“I got so much in life. There was immense interest to work and I have the interest to work even today.” This was what Motilal Vora told Rajya Sabha in his farewell address in March. The grand old man of the Congress party, Vora was that quintessential old school politician who remained fiercely loyal to the Nehru-Gandhi family and party ideology, but also maintained friendships transcending party lines during his over five-decade-long political career, with his down-to-earth attitude, friendly nature, and wit.
On Monday, Vora passed away of post-Covid complications, a day after celebrating his 93rd birthday.
In his long career, Vora had been twice Chief Minister of undivided Madhya Pradesh in the 1980s, the Governor of politically turbulent Uttar Pradesh in the 1990s when he swore in two governments in two-and-a half years, and an MP since 1998 till his retirement from the Upper House earlier this year. His uncanny instinct for political survival ensured Vora always found himself in a position of power, including as AICC treasurer for 18 years till Ahmed Patel took over from him in 2018. With Patel having passed away just recently after being stricken with Covid-19, it is the second veteran hand the Congress has lost in a short time.
Vora began his political career as an activist of Ram Manohar Lohia’s Samyukta Socialist Party, and his electoral career as a municipal councillor from Raipur in the late 1960s. He became an MLA for the first time in 1972, and by 1985 was Madhya Pradesh CM. When he was named the governor of a troubled Punjab in a surprise decision by Prime Minister Rajiv Gandhi, Arjun Singh handpicked Vora as his successor, to ensure rivals like Madhavrao Scindia didn’t get the prize chair.
While Singh was believed to be pulling the strings of his government, Vora impressed with his quality of winning friends and not rubbing anyone the wrong way. A senior leader remembers how Arjun Singh tried to keep Vora in line. “Digvijaya Singh, who was then the PCC president, would send a delegation to Vora every other day with impossible demands. But Vora was not hassled and used to agree to all… He was smart and gave no opportunity for a confrontation.”
In February 1998, Vora was removed when Arjun Singh made his way back, but got a position in Delhi as Cabinet minister — he would describe it as “a shift from lake to ocean”. In under a year, Vora was brought back as Madhya Pradesh CM again after Singh resigned following some strictures by the Jabalpur High Court.
In 1993, the P V Narasimha Rao government appointed Vora the Governor of Uttar Pradesh, just months after the demolition of the Babri Masjid, and he found himself at the heart of major political tumult, churned up by the Samajwadi Party and BSP. His decision to dissolve the House in 1995 was criticised by both Mulayam Singh Yadav, who hoped to come to power after the Mayawati government was reduced to a minority, as well as the BSP leader.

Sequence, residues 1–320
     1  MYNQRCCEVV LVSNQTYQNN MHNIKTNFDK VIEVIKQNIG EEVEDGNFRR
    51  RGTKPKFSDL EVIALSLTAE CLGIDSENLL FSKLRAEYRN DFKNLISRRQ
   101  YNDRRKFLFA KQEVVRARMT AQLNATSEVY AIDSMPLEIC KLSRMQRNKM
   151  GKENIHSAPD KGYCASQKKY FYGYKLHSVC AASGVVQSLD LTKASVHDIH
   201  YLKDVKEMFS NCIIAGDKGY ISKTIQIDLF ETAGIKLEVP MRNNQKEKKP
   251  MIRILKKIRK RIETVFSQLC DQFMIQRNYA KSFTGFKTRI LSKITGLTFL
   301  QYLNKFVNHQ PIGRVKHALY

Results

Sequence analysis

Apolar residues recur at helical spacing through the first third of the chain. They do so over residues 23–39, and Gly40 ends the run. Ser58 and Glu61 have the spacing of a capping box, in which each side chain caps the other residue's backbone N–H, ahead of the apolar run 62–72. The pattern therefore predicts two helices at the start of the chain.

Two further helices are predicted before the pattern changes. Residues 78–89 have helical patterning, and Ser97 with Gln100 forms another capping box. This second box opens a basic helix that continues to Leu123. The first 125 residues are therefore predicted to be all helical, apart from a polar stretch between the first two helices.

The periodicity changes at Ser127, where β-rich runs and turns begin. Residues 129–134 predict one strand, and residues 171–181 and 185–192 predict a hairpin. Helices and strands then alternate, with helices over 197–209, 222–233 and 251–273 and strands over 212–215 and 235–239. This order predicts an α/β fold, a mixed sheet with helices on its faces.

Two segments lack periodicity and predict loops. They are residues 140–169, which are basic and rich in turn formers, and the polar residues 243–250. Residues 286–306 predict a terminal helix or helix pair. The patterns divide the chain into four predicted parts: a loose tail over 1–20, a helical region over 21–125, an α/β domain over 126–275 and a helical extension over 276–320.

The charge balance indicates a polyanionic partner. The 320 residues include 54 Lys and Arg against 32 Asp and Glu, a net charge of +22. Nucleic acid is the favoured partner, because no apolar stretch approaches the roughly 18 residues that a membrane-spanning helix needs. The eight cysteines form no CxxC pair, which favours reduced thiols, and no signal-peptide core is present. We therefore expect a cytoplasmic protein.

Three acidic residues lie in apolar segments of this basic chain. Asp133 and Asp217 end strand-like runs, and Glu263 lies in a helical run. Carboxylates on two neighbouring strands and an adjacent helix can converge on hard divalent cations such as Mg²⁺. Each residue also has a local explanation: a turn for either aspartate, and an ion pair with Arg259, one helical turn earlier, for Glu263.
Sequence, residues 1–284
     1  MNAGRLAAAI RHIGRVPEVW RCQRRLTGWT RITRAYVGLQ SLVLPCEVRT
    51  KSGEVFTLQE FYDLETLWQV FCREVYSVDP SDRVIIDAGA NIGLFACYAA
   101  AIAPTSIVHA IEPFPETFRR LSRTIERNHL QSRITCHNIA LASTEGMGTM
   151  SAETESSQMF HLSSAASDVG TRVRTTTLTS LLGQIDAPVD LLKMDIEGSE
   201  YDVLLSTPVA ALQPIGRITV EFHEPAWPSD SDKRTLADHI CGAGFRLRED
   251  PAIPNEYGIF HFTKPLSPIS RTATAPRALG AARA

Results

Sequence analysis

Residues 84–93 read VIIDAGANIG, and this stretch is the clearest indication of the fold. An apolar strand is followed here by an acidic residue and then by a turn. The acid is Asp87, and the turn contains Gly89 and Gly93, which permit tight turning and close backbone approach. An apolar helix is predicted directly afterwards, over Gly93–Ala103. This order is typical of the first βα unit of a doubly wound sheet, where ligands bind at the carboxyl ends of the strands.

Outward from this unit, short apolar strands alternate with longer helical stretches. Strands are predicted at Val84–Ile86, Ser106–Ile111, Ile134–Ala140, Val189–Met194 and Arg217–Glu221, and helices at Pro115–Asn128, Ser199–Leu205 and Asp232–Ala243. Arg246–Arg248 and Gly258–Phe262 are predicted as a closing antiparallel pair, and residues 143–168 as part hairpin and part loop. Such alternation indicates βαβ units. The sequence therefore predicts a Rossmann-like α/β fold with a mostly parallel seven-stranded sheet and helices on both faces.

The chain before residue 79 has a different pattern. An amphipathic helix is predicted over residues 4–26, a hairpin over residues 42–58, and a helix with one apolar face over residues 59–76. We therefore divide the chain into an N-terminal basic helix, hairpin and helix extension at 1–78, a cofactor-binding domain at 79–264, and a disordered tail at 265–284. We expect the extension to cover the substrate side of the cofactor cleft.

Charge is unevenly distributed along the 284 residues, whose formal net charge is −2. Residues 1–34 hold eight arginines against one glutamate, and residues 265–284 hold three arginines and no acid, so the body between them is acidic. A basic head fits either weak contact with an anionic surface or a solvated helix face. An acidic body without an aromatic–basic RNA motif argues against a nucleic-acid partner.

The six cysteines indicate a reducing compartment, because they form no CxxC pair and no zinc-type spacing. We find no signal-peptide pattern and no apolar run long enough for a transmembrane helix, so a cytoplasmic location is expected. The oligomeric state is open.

Vora moved back to active politics and won the 1998 Lok Sabha elections from Rajnandgaon. In 2000, he was appointed AICC treasurer, and held the post till 2018.
Since 2002, Vora had also been the Chairperson and Managing Director of Associated Journals Ltd, and was a director at Young Indian. Along with Sonia and Rahul Gandhi, Vora was an accused in the National Herald case pending before a Delhi court.
While his health had deteriorated with age, Vora remained active — much more than many of his party colleagues. He would be found at his 24, Akbar Road, office almost every day. Congress general secretary Priyanka Gandhi Vadra recalled that he used to attend every meeting, even at the age of 92, and expressed his opinion freely.
President Ram Nath Kovind, Vice President M Venkaiah Naidu and Prime Minister Narendra Modi joined Sonia and Rahul Gandhi in paying their tributes to Vora.
“He was humility personified, and belonged to a generation of leaders who carried their politics with unflinching conviction,” President Kovind tweeted. Naidu, who is also the Rajya Sabha chairman, said Vora was an ideal MP. “His work against malnutrition in children, especially in Chhattisgarh, has now started giving good results,” he said. Modi talked about Vora’s “vast administrative and organisational experience”.
Congress president Sonia Gandhi said, “Shri Motilal Vora’s demise has left a huge void that would be difficult to fill.” Rahul called him “a true Congressman and a wonderful human being”.
“He was quite active in Parliament, raising issues… Zero Hour notices, special mentions,” said CPI general secretary D Raja. “He was a symbol of how a political person should be — as a worker and a leader,” remembered Janardhan Dwivedi, one of his closest colleagues in the Congress.
Vora is survived by six children, with one of his sons an MLA from Durg, Chhattisgarh.
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